When markets get turbulent, people ponder the "safety" of gold. Of course, never mind that gold has proven far from safe over the years. Between its peak in 1980 and late 1999, it plunged from $1,000 an ounce to just $255.
And if you want to measure the full loss to investors, you need to factor in the missed opportunity of putting that money to work in the stock market instead. Nevertheless, the gold shills are everywhere today. You see them on the TV, in the paper, and hear them on the radio. They're selling fear.
If you want to put some of your money in gold, you don't need to send off for gold coins. You don't need to send a check to some stranger. You don't need to pay postage. And you certainly don't need to hide your gold coins in a sock, or pay to put them in a safe deposit box.
There's a perfectly good exchange-traded fund that will do all this for you, and you can invest in gold with a click of a mouse at any online brokerage.
State Street chief executive Ron Logue has found the Midas touch since he launched the
streetTRACKS Gold fund (GLD) two years ago. In fact, I called him "Goldfinger" a couple of years ago when I figured out that he -- or rather, the fund -- controlled the largest single deposit of gold in private hands in the world.
At the time, the fund held about $3 billion worth of gold; last month, the figure topped $10 billion.
State Street is the blue-chip Boston investment company behind the ETF that tracks the S&P 500. When people invest in the gold fund, State Street buys gold on their behalf in the London market. The metal is held in secure vaults managed by HSBC.
That bank, incidentally, is so old it used to be part of the financial arm of the British empire. HSBC stands for The Hong Kong and Shanghai Bank, and is still known among old hands in London as "Honkers and Shankers."
Last week one gold Web site was hustling 1 oz. American Eagle gold coins for $710. At the time, gold bullion was trading in the spot market for $664 an ounce. So if you bought the coins you were already paying 7% too much.
If that doesn't sound like much, note that the Tuesday slump in the stock market that made headlines worldwide amounted to less than 4%.
Even better: shares in the streetTRACKS Gold fund happened to fall slightly below the bullion price. Each share gets you a tenth of an ounce with your name on it, but they were selling at the same time for just $65.94.Compared to the gold hustlers online, that's a saving of $5 an ounce -- before postage, storage, insurance and so on.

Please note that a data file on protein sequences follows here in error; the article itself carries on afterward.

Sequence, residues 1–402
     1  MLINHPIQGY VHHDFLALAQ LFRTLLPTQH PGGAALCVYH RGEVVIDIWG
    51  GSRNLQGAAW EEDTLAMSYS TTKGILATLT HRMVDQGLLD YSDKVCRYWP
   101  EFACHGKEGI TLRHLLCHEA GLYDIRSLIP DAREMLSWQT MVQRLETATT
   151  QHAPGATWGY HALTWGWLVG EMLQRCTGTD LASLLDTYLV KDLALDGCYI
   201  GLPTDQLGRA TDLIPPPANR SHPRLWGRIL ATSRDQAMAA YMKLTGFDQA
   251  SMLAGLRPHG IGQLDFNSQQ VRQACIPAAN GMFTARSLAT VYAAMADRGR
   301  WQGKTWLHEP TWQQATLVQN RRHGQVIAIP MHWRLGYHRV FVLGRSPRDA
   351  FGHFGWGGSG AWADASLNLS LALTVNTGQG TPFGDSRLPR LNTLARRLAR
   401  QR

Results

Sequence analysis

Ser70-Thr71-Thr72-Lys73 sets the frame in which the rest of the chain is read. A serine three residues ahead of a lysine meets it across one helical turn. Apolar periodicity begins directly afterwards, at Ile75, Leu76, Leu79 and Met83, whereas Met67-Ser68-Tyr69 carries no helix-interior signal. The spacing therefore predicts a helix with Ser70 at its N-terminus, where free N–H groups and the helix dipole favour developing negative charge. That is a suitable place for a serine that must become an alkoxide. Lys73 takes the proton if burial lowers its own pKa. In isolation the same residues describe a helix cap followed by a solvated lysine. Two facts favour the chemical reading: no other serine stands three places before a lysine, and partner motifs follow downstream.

The real case for gold isn't that the financial world is going to come to an end. It isn't even the risk of runaway inflation. It's the risk to the U.S. dollar.
America is living way beyond its means. We are running up massive federal deficits and borrowing hundreds of billions a year from the rest of the world to support our lifestyle. Friends at one of the biggest (U.S.) investment banks in London refer to the greenback these days as the "American peso." One of them -- a conservative financial type -- even calls the U.S. "a banana republic ... without the bananas."
But don't just listen to them; listen to Congress. In January 2005, as President Bush was gearing up for his annual state of the union address, the Congressional Budget Office issued its review of the economy and government finances.
Little noticed in the document was this prediction: "CBO assumes that the exchange value of the dollar will decline gradually over the next 10 years because the current-account deficit will remain large in dollar terms (though not keep widening) and will add to the supply of dollar assets for investors."
You can take your own view on this. A shrewd investor I know who was buying gold back when it was $255 an ounce and no one wanted it also likes silver these days. You can buy that cheaply online as well, through the ETF
Silver Fund (SLV) run by iShares giant Barclays.
Everyone has their own view on the metals. But if I were going to buy them as an investment, I would rather buy the ETF than the coins.
In keeping with TSC's editorial policy, Brett Arends doesn't own or short individual stocks. He also doesn't invest in hedge funds or other private investment partnerships. Arends takes a critical look inside mutual funds and the personal finance industry in a twice-weekly column that ranges from investment advice for the general reader to the industry's latest scoop. Prior to joining TheStreet.com in 2006, he worked for more than two years at the Boston Herald, where he revived the paper's well-known 'On State Street' finance column and was part of a team that won two SABEW awards in 2005. He had previously written for the Daily Telegraph and Daily Mail newspapers in London, the magazine Private Eye, and for Global Agenda, the official magazine of the World Economic Summit in Davos, Switzerland. Arends has also written a book on sports 'futures' betting.